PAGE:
It’s ruddy sprightly too. That’s the lightweight part coming home to roost. With a high-torque 170bhp motor and a power flow uninterrupted by gearchanges, it’s at 62mph in 7.2 seconds. The addictive thing is the instant and proportional answer you get whenever you twitch your right foot. The same applies when you lift off, too. There’s strong regenerative braking from the motor even before you touch the brake.
Actually the motor braking, and the ability it gives you to drive with one pedal, is slightly less powerful than it was in the Mini E that BMW used to prove out the motor and batteries. That’s because the i3 is RWD, and if they gave it such powerful regenerative braking on the rear wheels it could actually get unstable on a slippery road.
Top speed is limited to 93mph because energy use rises sharply after that. Besides, rating it for more speed would probably need heavier brakes and cooling, which would dent efficiency at normal speed.
It looks tall and the ride is supple, yet it rolls and pitches amazingly little, because so much of the weight is low to the road. The steering is pretty quick, so it’s possible to wind in some sudden changes of direction, and the car accepts them without getting upset. The front end feels light and biddable. Of course the thin tyres don’t hold on for ever, and it’s set up to understeer if you go in too fast.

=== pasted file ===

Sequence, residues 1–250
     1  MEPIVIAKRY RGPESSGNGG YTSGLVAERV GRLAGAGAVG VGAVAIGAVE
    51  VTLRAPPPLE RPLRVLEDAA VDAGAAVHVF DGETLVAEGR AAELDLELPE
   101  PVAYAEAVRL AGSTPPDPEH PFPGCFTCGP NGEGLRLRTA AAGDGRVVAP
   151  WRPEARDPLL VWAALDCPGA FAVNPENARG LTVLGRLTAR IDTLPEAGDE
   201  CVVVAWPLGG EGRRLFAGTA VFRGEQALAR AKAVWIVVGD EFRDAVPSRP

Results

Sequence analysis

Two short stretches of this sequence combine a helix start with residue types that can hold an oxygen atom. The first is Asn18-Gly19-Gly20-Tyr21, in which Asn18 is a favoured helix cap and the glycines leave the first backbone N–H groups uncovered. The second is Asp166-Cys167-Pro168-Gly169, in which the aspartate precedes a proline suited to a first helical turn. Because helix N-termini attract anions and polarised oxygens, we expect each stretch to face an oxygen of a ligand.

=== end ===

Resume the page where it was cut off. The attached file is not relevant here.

Sure it’s rear-drive, but it’s not about oversteer. Rather, the benefits of RWD are the pure steering and the excellent traction. And also an astoundingly tight turning circle, another feather in the cap of a car that’ll be driven a lot in cities.
Speaking of which, the high driving position and great visibility are also feelgood assets for threading yourself among tight traffic. And for parking, you’ll be glad it’s supermini-short. But there’s decent room for four people inside.
And what a lovely cabin. BMW has used the i project to invent a whole new design language, of spare, ornament-free surfaces and reduced bulk in the dash and seats. It feels extremely modern and calm, but high quality.
They wouldn’t let us show it to you today, though. But the i3 Concept Coupe is basically a two-door version of the production car, and has the production interior pretty much unaltered.